Oakland Athletics pitcher Homer Bailey (15) starts against the Texas Rangers on July 27, 2019 in Oakland, California. (Chris Victorio | Special to S.F. Examiner).

A’s starter Homer Bailey rediscovers slider in win over Texas

An effective slider helps Homer Bailey turn the page on disastrous outing in Houston

OAKLAND — When Homer Bailey gave up nine earned runs in two innings last week in Houston, all he had was straight stuff.

Without his slider and splitter, the Astros were able to tee off, tallying eight hits in 18 plate appearances.

Saturday, the Oakland Athletics’ newest starter scattered seven hits across 6 2/3 innings against the Texas Rangers, holding them to three runs and striking out seven in a 5-4 win in his second quality start in three appearances for the A’s.

“I thought he was really good,” said manager Bob Melvin. “His first game, I thought he started out a little slow and got better. Obviously, the next game wasn’t great, but I thought this was the type of guy, the stuff today, was the guy we were looking for.”

Bailey threw 13 sliders out of his 105 pitches, getting one swinging strike and four called strikes, keeping Texas hitters off balance. After loading the bases with two outs in the top of the second, Bailey was able to use his slider up for strike one, then changed eye levels with a slider down before going back to his mid-90s fastball up in the zone to strike out Jeff Mathis.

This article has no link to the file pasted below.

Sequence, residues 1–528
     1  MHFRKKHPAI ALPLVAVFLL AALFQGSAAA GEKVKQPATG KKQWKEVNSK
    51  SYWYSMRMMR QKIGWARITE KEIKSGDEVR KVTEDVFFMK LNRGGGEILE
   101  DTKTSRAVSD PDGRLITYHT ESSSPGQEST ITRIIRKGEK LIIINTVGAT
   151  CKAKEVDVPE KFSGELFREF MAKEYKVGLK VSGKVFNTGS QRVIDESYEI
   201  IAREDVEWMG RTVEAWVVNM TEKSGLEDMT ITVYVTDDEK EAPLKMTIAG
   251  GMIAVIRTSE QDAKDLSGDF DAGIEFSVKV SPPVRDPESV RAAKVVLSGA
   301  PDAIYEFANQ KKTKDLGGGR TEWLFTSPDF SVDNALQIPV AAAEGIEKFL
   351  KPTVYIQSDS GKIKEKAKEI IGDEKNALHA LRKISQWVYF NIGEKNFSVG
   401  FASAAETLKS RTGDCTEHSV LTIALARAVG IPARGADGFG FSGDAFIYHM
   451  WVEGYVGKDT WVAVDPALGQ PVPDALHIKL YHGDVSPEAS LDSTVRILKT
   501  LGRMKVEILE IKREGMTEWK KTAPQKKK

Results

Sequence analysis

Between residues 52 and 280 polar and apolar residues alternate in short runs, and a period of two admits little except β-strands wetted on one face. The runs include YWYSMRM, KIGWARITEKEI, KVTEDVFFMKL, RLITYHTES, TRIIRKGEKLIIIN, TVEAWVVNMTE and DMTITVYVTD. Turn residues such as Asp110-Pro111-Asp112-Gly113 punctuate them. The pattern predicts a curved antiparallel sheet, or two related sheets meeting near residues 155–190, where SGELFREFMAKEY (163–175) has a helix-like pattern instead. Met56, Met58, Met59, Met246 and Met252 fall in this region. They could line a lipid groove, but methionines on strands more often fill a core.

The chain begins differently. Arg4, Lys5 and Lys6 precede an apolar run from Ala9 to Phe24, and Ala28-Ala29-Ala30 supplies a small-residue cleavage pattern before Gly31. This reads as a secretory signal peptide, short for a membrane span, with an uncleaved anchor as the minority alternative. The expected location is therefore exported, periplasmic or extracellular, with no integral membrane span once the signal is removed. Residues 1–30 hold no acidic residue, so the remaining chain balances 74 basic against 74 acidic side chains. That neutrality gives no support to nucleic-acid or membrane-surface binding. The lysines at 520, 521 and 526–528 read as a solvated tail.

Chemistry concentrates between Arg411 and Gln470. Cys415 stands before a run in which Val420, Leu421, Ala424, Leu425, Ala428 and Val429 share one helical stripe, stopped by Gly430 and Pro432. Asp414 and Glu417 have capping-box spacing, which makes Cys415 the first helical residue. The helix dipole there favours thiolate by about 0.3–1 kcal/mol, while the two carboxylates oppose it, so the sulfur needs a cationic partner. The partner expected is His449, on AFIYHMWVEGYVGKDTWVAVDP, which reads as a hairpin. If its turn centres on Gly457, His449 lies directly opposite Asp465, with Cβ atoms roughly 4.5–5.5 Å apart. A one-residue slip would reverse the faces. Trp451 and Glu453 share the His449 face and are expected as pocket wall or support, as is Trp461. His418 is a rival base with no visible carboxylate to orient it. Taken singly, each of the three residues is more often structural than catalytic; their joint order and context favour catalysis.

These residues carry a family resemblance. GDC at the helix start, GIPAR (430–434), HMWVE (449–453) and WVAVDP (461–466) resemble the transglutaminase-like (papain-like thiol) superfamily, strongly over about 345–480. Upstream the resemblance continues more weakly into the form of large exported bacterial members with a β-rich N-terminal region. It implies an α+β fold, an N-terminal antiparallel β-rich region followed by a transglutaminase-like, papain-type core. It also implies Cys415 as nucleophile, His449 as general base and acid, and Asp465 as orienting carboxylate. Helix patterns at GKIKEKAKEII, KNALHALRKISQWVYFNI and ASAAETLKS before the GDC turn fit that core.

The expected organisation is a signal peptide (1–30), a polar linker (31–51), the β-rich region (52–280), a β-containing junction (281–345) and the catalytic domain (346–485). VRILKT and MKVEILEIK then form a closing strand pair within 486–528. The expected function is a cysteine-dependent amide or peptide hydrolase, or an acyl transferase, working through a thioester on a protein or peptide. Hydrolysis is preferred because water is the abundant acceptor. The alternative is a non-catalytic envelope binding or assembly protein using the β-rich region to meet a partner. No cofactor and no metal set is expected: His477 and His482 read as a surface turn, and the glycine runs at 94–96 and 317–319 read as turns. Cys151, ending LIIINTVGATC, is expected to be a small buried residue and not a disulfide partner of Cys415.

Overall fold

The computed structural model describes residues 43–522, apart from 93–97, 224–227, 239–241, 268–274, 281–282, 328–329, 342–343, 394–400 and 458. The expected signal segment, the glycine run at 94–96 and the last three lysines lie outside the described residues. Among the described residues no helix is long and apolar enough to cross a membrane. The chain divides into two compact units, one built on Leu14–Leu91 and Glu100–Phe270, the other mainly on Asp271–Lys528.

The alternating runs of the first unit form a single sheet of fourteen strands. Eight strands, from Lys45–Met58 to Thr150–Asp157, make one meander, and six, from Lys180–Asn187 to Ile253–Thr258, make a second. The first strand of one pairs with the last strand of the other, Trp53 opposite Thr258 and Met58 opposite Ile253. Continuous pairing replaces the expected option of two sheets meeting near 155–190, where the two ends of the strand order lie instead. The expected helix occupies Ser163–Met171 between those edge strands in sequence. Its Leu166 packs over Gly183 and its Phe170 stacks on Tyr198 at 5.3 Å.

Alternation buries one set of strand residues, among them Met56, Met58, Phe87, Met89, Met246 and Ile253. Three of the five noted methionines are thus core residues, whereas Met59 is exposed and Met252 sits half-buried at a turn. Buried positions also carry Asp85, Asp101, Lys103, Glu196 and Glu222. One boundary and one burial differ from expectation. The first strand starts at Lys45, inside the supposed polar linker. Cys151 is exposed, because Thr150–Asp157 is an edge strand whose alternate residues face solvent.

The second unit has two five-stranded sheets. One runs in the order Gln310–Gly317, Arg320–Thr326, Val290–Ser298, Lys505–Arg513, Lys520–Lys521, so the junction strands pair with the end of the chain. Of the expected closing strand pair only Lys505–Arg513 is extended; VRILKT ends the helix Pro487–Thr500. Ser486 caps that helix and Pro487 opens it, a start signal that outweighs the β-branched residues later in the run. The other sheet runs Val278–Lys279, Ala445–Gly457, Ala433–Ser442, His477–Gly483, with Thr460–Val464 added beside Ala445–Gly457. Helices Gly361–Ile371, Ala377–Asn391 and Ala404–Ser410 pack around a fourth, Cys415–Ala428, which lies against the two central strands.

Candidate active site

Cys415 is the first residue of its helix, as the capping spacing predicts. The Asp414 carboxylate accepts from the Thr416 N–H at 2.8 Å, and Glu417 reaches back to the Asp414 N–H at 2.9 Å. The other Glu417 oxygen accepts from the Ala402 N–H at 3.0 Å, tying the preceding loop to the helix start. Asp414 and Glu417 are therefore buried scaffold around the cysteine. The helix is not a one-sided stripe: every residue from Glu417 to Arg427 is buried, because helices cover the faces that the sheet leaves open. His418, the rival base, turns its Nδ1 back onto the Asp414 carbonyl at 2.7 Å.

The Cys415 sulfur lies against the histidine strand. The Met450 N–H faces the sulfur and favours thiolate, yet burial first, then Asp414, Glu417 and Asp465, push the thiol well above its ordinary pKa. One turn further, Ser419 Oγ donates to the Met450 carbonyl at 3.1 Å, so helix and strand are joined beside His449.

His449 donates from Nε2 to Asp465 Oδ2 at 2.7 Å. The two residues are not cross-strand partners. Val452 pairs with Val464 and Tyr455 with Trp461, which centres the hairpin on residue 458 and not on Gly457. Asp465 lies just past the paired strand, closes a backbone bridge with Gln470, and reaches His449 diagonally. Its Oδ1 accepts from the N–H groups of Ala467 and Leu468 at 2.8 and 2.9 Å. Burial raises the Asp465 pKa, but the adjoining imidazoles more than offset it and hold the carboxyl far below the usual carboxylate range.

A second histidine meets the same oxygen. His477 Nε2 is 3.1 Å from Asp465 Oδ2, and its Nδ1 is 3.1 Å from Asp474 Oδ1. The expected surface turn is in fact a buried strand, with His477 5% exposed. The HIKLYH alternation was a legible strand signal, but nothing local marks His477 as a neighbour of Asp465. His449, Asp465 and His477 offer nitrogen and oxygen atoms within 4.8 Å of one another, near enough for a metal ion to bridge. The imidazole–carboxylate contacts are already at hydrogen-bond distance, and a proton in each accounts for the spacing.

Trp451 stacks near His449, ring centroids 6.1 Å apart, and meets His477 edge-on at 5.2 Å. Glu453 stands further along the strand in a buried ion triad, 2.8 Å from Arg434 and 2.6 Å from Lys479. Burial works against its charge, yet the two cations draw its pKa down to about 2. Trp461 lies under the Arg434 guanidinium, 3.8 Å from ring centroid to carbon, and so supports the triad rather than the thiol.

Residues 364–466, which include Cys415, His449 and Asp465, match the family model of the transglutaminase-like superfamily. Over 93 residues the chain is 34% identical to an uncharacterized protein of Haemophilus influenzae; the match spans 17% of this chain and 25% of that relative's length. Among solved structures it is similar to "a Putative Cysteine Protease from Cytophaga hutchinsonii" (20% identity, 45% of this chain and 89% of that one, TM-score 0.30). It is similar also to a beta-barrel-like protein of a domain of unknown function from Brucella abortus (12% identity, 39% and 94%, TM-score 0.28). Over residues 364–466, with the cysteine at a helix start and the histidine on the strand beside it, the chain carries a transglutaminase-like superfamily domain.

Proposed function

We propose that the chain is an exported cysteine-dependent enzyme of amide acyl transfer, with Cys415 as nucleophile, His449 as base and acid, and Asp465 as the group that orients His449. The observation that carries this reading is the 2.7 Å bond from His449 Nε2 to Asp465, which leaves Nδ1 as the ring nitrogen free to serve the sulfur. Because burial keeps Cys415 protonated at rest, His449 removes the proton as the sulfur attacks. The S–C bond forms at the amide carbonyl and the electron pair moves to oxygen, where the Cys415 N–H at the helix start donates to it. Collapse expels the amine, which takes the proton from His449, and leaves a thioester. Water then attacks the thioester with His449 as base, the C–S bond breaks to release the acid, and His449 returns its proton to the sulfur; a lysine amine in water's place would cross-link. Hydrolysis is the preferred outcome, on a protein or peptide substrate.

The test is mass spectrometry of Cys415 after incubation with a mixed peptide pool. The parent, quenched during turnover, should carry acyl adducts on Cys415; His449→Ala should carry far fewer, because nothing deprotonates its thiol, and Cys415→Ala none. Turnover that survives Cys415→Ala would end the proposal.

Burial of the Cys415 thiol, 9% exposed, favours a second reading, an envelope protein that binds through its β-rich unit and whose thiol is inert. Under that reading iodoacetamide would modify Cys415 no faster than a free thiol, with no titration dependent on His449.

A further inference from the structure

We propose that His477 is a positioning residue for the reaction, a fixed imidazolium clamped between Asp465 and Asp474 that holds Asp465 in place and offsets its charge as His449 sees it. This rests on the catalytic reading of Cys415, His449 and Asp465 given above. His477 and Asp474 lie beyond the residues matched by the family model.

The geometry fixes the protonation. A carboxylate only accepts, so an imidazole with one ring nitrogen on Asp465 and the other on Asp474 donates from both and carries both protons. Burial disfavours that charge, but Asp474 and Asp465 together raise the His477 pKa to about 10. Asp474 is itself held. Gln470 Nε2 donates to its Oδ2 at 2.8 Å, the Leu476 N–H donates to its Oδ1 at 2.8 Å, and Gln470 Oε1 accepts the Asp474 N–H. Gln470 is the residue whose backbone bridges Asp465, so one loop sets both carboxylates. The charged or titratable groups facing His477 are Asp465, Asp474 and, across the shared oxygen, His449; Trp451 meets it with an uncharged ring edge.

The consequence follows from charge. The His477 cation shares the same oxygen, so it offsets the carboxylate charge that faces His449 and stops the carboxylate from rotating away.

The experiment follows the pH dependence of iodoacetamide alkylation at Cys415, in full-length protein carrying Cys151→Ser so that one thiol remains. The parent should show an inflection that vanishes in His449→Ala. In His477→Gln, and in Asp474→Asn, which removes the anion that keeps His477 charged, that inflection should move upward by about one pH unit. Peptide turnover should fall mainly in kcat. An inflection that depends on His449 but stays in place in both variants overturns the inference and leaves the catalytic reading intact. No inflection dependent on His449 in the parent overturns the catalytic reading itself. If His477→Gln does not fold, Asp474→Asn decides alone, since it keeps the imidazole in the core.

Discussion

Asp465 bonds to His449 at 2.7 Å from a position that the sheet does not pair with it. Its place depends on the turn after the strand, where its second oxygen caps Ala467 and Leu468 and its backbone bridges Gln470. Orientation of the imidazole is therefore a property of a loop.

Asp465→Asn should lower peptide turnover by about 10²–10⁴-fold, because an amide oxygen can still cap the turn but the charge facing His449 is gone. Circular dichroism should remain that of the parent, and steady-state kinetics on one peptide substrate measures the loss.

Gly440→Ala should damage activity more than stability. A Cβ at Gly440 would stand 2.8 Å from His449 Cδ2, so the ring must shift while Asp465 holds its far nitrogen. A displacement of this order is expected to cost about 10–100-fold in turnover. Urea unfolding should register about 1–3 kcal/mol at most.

“We were able to mix speeds,” Bailey said. “When you’ve had those bad ones like [Houston], and unfortunately, I’ve had a lot of them, you learn how to turn the page, and we kind of had a little bit of a skid, losing yesterday, so really wanted to go out and do well for these guys and pick up that win.”

The 6-mph differential between the fastball and the slider allowed him to spot his fastball on both sides of the plate and change eye level with his splitter. Bailey got nine swinging strikes on his mid-90s fastball and 11 called strikes, with 15 foul balls.

Bailey also threw 26 splitters, getting four swinging strikes, one called strike and five fouls. Of the seven balls put in play against the splitter, he got two groundouts, one pop out and one fly ball, while allowing a fly ball single, a groundball single and a triple. For Bailey, whose been a flyball pitcher for his entire career, it was a welcome revelation.

The one splitter that went for extra bases — a Danny Santana two-out triple in the seventh, which chased Bailey — didn’t quite get down in the zone, but overall, Bailey was exactly the type of pitcher Oakland will need down the stretch.

“Other than that, he was absolutely fantastic,” Melvin said.

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